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Is a Shavette as Good as a Safety Razor?

Is a Shavette as Good as a Safety Razor?

Shaving razors have come a long way since their invention in the bronze age. The early designs were oval and had blades of obsidian or bronze. One end of the edge was shorter than the opposite side, with a little protruding tang.

Many variants of razors have existed throughout history and have continued to evolve. Even though they have differed in design, their function has always been the same: to achieve a clean shave.

Several decades ago, when barbers realized they couldn’t use the same razor on multiple customers due to hygiene concerns, the shavette razor was born. This novelty gave rise to modern feature-rich safety razors with replaceable razor blades.

Let’s look at two of the most popular kinds on the market today: shavettes and safety razors.

Shavettes vs. Safety Razors: How Do They Compare?

A high-quality shavette or safety razor will both lead to a clean shave if appropriately used. Their appearance is similar, and they are straight-edge razors with replaceable blades specially designed for single or standard dual-edge cuts. Since these blades don’t require honing or stropping like traditional straight-edge razors, disposable blades are the norm for many everyday brands.

There are so many different shaving tools available today, online and offline. However, shaving razors from reputable brands typically come with safety features. For example, they often have a safety bar or comb running parallel to the blades’ sharp edges that act as a buffer between the blade edge and your skin.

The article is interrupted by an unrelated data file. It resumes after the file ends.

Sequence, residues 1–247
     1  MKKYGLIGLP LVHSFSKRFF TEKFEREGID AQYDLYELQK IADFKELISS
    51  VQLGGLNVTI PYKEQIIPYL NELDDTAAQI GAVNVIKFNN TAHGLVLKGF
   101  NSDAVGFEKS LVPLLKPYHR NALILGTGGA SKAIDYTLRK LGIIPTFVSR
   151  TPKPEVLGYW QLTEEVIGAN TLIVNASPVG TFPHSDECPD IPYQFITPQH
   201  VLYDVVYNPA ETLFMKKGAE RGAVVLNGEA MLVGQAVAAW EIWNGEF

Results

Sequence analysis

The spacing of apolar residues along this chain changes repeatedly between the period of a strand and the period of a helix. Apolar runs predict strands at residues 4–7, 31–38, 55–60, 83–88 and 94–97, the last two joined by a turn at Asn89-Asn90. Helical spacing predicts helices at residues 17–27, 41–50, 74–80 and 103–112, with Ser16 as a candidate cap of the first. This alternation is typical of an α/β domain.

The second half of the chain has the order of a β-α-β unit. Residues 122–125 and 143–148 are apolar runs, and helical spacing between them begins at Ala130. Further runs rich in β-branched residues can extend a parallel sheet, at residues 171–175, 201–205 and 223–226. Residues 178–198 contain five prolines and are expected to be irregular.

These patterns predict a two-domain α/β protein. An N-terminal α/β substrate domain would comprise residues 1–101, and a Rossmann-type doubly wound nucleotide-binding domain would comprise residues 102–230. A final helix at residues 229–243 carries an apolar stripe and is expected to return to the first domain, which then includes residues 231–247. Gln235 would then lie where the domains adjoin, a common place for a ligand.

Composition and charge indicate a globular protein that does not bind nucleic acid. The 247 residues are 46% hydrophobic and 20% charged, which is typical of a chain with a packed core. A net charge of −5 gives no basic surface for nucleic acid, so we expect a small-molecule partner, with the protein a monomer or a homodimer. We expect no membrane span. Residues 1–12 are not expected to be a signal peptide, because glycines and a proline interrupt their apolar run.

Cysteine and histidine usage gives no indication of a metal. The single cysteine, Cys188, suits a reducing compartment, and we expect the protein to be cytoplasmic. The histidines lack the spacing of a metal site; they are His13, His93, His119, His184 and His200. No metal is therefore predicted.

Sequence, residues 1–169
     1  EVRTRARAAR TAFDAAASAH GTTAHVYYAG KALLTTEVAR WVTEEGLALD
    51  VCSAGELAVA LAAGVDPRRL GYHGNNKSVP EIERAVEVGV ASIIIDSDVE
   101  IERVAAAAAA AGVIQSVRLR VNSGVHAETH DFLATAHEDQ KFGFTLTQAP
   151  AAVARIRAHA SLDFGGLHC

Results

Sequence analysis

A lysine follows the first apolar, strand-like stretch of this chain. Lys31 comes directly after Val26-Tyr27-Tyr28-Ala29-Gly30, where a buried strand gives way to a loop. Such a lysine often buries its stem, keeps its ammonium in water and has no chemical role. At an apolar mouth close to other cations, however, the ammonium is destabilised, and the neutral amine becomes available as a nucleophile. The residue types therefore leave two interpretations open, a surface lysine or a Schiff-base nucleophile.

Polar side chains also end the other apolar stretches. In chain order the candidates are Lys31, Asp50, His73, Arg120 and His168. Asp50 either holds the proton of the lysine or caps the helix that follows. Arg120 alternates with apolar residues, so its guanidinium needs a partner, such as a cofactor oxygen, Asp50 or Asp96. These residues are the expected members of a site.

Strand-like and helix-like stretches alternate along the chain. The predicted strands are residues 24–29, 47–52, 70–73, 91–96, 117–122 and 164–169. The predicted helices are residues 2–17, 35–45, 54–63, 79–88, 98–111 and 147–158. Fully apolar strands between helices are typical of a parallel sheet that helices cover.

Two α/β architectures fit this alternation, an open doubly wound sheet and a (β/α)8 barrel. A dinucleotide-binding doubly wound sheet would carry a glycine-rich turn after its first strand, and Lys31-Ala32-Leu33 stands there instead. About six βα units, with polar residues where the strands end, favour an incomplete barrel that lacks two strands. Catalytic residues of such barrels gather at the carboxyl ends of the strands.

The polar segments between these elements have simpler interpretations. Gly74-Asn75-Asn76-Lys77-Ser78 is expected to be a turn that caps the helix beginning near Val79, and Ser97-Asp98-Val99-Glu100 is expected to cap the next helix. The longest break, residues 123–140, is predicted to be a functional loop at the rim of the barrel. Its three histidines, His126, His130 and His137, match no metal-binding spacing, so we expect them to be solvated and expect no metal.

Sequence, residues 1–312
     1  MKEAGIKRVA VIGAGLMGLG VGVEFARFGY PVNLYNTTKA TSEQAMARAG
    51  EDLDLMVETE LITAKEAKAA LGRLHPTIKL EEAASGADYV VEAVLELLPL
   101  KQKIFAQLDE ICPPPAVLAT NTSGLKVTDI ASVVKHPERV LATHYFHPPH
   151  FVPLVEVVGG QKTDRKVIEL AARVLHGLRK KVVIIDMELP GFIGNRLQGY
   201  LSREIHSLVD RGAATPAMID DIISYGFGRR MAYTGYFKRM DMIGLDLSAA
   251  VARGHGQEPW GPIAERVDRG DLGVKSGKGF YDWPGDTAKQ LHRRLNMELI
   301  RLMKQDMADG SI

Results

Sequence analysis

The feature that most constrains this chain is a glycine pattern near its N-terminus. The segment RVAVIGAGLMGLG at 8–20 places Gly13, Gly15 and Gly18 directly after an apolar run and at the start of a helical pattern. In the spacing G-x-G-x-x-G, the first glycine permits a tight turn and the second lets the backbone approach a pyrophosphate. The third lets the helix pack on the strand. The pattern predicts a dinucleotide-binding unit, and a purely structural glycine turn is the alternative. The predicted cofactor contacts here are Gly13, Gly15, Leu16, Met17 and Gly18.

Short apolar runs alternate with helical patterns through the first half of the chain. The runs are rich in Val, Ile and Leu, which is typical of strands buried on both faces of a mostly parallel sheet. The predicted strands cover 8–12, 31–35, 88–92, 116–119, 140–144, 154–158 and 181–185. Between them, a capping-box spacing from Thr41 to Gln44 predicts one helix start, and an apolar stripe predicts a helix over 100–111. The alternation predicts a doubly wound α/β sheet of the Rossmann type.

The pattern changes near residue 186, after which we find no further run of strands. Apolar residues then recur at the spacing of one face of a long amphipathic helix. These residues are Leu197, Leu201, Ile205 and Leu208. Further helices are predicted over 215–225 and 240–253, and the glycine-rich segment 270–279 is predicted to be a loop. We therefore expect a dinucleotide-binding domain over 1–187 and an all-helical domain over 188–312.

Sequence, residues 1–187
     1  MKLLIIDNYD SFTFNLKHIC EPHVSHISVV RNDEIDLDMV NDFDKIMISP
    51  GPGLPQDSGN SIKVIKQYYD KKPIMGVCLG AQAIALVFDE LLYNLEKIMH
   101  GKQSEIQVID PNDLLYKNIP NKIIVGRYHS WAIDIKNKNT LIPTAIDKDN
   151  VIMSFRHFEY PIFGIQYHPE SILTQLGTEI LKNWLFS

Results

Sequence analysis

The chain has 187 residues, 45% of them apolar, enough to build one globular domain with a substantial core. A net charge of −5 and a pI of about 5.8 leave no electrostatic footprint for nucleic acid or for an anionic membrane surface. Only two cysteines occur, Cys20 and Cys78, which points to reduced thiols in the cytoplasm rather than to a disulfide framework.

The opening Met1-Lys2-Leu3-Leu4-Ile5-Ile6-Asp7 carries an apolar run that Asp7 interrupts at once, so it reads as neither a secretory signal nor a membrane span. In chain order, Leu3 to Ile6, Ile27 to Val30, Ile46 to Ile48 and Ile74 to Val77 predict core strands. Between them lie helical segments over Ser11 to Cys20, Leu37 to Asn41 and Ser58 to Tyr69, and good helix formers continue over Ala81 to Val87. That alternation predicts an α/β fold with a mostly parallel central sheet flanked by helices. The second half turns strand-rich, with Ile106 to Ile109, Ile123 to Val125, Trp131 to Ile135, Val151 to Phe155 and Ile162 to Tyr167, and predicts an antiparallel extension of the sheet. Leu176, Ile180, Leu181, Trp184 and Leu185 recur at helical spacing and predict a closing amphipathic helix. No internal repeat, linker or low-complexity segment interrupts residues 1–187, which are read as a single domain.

When comparing shavettes and safety razors, you must consider their functionality, variation, and usability because each tool has its pros and cons.

Shavette Razors

A shavette razor is somewhere in between a disposable razor and a straight razor. Shavettes come as foldable razors or as one piece. Although they are similar to straight razors, their cutting edges can be detached and disposed of when they get blunt.

Because of its sharpness, the shavette should be housed in a protective caddy where the blade is secured safely. This razor requires precision, which may make it more challenging for beginners.

Safety Razors

Professional barbers commonly use a safety razor. Once the blade is fitted into its slot, it is secured tightly by an adjustable self-threading screw. The razor’s blade edges protrude slightly on either side of the metallic housing. This way, the user can shave using either side of the blade, allowing an even shave and preventing the edge from dulling prematurely.

After multiple shaves, a safety razor can accumulate shaving cream lather and therefore tends to rust if you don’t clean it properly. In fact, professional barbers recommend replacing a safety razor’s blades weekly to avoid rust and maintain it in pristine condition.

Are Shavettes Easier to Use?

A shavette razor shaves closer to the skin, but it may be riskier to handle than its safety razor counterpart. After all, a safety razor is specially designed with a protective feature that stands between the skin and the blade’s cutting edges.